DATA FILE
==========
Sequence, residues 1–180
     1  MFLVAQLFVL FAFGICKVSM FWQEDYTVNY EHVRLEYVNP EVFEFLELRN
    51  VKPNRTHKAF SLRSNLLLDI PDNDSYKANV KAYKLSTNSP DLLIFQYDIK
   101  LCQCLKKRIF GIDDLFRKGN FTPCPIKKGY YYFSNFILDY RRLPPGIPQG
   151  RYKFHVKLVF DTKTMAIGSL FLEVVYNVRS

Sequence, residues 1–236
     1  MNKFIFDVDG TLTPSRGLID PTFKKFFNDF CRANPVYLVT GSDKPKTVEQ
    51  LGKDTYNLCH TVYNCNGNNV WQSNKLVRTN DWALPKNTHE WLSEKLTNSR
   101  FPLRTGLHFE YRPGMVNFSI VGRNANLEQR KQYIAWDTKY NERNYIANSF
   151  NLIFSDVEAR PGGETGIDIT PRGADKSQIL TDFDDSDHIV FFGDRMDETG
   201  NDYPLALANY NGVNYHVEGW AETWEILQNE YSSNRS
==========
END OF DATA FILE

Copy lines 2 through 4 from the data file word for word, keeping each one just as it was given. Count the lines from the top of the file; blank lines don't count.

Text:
     1  MFLVAQLFVL FAFGICKVSM FWQEDYTVNY EHVRLEYVNP EVFEFLELRN
    51  VKPNRTHKAF SLRSNLLLDI PDNDSYKANV KAYKLSTNSP DLLIFQYDIK
   101  LCQCLKKRIF GIDDLFRKGN FTPCPIKKGY YYFSNFILDY RRLPPGIPQG